MPs and contractors must not have their hands in each other’s pockets.

To clarify “free wishes”: process, development and investment must not be promoted in return for access to standard services.

Communities must be genuinely involved in situations directly or indirectly affecting themselves and their area, with no threat of compulsory acquisition if they say no. These situations are not fair process.

Incentives must be available for industries that promote and support local communities with sensible and sustainable projects, with encouragement for a cultural, environmental, eco and/or renewable focus.

Investment from non-local interests needs operational requirement for genuine consultation with and agreement from locals, using sustainable local resources, local employment and training career pathways.

Generally, any project with fair and accountable process, and genuine, positive, long-term, sustainable outcomes is encouraged and welcomed.Broome’s recreation and fishing community has been lobbying for a safe boat harbour for years.

Despite promises and funding commitments, little progress has been made and safety concerns continue to be raised over Broome’s “inadequate” facilities.

Do you support better boating facilities for the town? Can this process be fast-tracked?

Labor: Josie Farrer

WA Labor last year pledged to invest $13.6 million into improving boating facilities in Broome at Entrance Point, Town Beach and Gantheaume Point. The Liberals and Nationals pledged to improve it in 2013 and before the year was out, they had reneged and four years later the facilities have continued to deteriorate.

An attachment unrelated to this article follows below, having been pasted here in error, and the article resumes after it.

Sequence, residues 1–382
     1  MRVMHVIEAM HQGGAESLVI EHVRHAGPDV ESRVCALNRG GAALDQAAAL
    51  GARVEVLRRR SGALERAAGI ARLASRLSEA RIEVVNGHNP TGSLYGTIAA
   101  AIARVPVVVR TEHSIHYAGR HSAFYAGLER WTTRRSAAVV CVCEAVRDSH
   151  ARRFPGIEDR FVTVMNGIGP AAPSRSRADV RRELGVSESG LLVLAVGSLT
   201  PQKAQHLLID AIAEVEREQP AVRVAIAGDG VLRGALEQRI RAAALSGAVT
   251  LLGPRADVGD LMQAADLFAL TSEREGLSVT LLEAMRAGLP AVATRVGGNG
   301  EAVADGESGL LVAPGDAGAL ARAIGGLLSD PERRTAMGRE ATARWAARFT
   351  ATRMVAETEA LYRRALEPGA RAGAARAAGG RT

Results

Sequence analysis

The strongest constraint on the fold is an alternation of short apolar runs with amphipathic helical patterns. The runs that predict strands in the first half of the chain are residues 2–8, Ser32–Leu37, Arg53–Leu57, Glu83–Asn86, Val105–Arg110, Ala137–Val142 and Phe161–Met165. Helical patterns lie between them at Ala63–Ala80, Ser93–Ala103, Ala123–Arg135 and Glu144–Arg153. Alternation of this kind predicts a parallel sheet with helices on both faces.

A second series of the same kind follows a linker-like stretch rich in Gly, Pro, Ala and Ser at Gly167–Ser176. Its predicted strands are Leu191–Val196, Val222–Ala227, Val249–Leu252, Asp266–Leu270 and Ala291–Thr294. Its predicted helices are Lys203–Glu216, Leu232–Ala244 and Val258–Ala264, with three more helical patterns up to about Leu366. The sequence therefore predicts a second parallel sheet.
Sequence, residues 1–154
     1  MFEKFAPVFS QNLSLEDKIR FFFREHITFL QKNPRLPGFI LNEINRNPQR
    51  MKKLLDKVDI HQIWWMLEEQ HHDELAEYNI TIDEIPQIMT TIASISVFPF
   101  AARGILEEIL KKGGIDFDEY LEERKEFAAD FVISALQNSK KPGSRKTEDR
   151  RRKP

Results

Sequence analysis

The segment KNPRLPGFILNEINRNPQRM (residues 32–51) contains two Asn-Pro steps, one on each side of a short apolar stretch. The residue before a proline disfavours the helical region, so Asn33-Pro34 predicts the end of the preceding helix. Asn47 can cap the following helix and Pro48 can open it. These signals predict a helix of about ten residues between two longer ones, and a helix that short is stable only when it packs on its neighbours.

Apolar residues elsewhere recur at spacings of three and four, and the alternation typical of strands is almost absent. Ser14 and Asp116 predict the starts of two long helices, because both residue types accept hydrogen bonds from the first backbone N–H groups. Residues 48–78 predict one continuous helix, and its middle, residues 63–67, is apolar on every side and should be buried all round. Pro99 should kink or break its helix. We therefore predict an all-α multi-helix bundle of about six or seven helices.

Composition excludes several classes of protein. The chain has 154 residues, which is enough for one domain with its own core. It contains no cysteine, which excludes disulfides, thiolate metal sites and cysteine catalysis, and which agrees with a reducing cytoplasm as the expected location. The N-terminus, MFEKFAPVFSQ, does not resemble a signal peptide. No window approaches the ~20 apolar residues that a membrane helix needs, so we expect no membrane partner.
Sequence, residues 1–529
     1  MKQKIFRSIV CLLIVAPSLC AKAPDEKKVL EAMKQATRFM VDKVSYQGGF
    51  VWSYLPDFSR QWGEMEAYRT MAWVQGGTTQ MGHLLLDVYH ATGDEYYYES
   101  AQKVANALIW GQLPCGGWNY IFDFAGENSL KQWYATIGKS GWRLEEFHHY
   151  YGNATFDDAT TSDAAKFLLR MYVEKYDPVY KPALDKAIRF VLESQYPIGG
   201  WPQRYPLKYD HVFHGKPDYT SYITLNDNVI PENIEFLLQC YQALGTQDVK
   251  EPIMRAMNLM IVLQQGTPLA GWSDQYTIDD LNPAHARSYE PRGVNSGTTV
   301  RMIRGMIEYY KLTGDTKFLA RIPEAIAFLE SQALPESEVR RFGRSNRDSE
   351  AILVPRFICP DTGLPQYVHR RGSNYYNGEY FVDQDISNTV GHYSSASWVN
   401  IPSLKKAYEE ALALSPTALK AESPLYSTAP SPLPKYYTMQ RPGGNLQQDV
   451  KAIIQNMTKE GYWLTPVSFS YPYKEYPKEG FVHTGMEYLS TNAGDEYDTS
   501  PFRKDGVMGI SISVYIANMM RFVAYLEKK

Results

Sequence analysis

Broome obviously deserves better facilities. WA Labor’s plan was developed after extensive consultation with interest groups as well as the local Shire. Boating and fishing is a big part of life in Broome.

Better facilities will assist the local tourism industry and potentially create more local jobs.

I have spoken about this issue in Parliament and when I speak to locals it’s one of the biggest issues that is consistently raised with me.

I, and WA Labor, are completely behind the redevelopment of Broome’s boating facilities. This is about providing local jobs attracting tourism and growing the Broome economy.

Liberals: Warren Greatorex

I strongly believe the number one priority regarding the development of a boat harbour/marina is having a safe boating facility to launch and retrieve vessels, reducing the risks of harm to personnel and/or damage to equipment.

Broome has a very high number of recreational boat users and the current facilities are insufficient and provide no real safety, which has already, on a number of occasions caused accidents. I have personally used the current facilities and know firsthand the dangers that exist.

I also believe having a marina would improve Broome as tourism destination, creating more jobs for the West Kimberley.

Furthermore, to develop such a concept it is imperative that the right people are engaged to identify the most appropriate location and, of course, the actual structure itself.

If and when I am elected in March, I will be committed to the delivery of this concept and turning it into reality.

Nationals: Rob Houston

There is no doubt that Broome boating facilities are inadequate.

If you’ve taken water over the side of your boat at Entrance Point, or been bogged in the mangrove mud, I’m sure you’d agree: it’s time for a safe boat launching facility in Broome.

We’re a town that loves our fishing. If elected I will work with the Broome Boat Harbour Advisory Group (which includes the Shire, Yawuru and the boating community) as they assess the different proposals that have been put forward. Once the community has decided on the most appropriate proposal, we will deliver.